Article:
Chevy Chase Opticians

Optician Kimberly Youngchild is so passionate about eyewear that she outfits her dogs Spike and Chips in fashionable sunglasses. Spike, a Pomeranian, and Chips, a border collie, are regulars at Youngchild’s shop, Chevy Chase Opticians, and they are as popular as the colorful specs she sells.

The shop offers eyeglasses and sunglasses that range anywhere from $350 for a popular designer look to $14,000 for glasses designed by David Eden and decorated with 16 real diamonds. “We don’t sell too many of those,” Youngchild says of the Edens. But what is selling a lot are frames from designer Judith Leiber, who is also famous for her elaborate handbags. “They’re fun,” says Youngchild. “They’re just wild.” New York designer Robert Marc is also popular with Annapolitans. Marc’s style offers subtle details, color combinations such as cocoa and dune or tortoise and tangelo (orange) and his own signature hinge. Youngchild periodically travels to Paris, New York, Italy, and Las Vegas to see what the latest trends are and what will fit her clientele.

The stylish blonde shop owner sports a pair of Badgley Mischkas with black rims and rhinestones on the temple. (The temple is the long stem of the glasses that hook onto the ear.) But customers have a wide range of options in both color and styles. Can’t decide between green and black? You can have both with two-toned frames or you can opt for animal print, fishnet (yes, fishnet), or floral patterns on the temple.

Rimless or partially rimless frames are still the rage and women want “anything with bling,” Youngchild says laughing. “Everyday, I hear that – I need bling.” Men’s preferences are leaning toward the vintage professorial look and away from rectangular shapes.

The only real limit is what the customer is comfortable with. Youngchild says her biggest challenge is to coax customers out of the comfort zone to try a new look. “People are afraid of change,” she noted. But, “nine times out of 10,” when customers agree to different frames, “they love ‘em.”

Youngchild grew up in Houston, where she studied to be an interior designer. But after working summers at the optician shop owned by her mother and stepfather, the optometry bug eventually bit. She has now been in the business 17 years, most of which was spent in Bethesda where she first opened Chevy Chase Opticians.

In 2002, she moved to Annapolis and opened up a store in the Annapolis Harbour Center. “I fell in love with the community,” she said, describing Annapolitans as relaxed. “People actually care about what you’re saying,” she observed, rather than being in a hurry to be somewhere else. She also found an eager market for her products. “Annapolis really needed high-end eyewear.”

Unlike traditional opticians, Chevy Chase Opticians does not offer eye examinations or contact lenses, nor does it take insurance. Youngchild’s assistants, Patty and Marcelo, are both certified by the American Board of Optometry, a requirement that the owner has for anyone to work there. That way, she explained, customers are getting the benefit of someone who knows what they’re doing and didn’t just leave a fast food job the day before.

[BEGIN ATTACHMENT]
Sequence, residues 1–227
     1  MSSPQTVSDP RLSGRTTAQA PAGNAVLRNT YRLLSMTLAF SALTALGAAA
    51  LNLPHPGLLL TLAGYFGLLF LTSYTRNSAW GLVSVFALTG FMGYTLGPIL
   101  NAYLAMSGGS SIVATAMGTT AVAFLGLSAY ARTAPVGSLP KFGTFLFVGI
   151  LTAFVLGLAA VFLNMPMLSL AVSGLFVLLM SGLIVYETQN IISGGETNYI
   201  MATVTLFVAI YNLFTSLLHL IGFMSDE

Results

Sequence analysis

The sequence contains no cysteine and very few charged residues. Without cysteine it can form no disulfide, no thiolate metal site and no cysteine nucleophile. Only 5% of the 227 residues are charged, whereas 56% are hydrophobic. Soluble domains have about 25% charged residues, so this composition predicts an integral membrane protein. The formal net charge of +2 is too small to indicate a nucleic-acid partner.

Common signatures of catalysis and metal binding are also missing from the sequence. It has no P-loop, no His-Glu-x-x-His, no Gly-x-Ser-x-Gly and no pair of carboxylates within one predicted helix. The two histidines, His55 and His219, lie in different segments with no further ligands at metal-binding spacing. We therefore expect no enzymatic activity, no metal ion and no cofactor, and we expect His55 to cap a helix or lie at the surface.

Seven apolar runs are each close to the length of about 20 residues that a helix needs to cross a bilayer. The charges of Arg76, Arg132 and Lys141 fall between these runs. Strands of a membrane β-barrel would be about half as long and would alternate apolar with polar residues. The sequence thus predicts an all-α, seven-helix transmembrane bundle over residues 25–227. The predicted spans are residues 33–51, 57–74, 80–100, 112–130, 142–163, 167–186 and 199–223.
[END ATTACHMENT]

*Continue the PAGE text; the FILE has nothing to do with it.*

Besides the designer selection and qualifications of the staff, the boutique shop feels and looks different than a chain store. “I designed it to be more like a gallery,” Youngchild commented. The wood floors are complemented by light wood cabinets and glass shelves are held by a frame that any sailor would recognize as a nautical design. A long oval glass-topped table is offset by jewel-toned seats. Youngchild also uses the store to showcase her collection of funky glass sculptures.

The popularity of contact lenses and Lasik surgery, which eliminates the need for any eyewear except sunglasses, has not affected her business. “It’s a small niche I’m after,” she said, adding that not everyone wants to get their eyes done. Eyeglasses are just a fashion accessory for some of Youngchild’s customers who have 20/20 vision. But whether the customer really needs to see or just wants to look hip, they are given personal service, which includes handcrafting. “We work on it ourselves,” she noted. “It’s not an assembly line.”

Youngchild acknowledges that when she first started in the business, “I was really into the fashion part of it. I just wanted everyone to look gorgeous. I didn’t know the back [technical] end.” As a result, sometimes, the frames were not quite what the customer had expected or needed. “I learned from my mistakes,” she said. ” Now her experience and technical skills help her to steer people into the frame that fits their needs. For example, a stronger prescription means a thicker lens that only works in certain frames. “You can’t put a very nearsighted person in rimless glasses,” she pointed out.

Opticians follow certain guidelines in advising someone on the right frames. The Vision Council of America recommends that the frame shape contrast with the face shape, and be in scale with the size of the face. Angular, narrow frames and a clear bridge may flatter a round face, while frames with a lot of color and detailing on the top may work for a more triangular face.

Youngchild and her crew also ask questions about lifestyle and pay attention to the strength of the prescription. Part of her job is educating customers about eyewear and what she thinks are necessary investments. Anti-glare or anti-reflective coating is definitely one she recommends. While “they’ve gotten a bad rap,” because some coatings will come off, she said, the better ones will not. People don’t need to be embarrassed by bifocals anymore either – now they’re called progressives and come in several styles. “There are so many options,” Youngchild stated.


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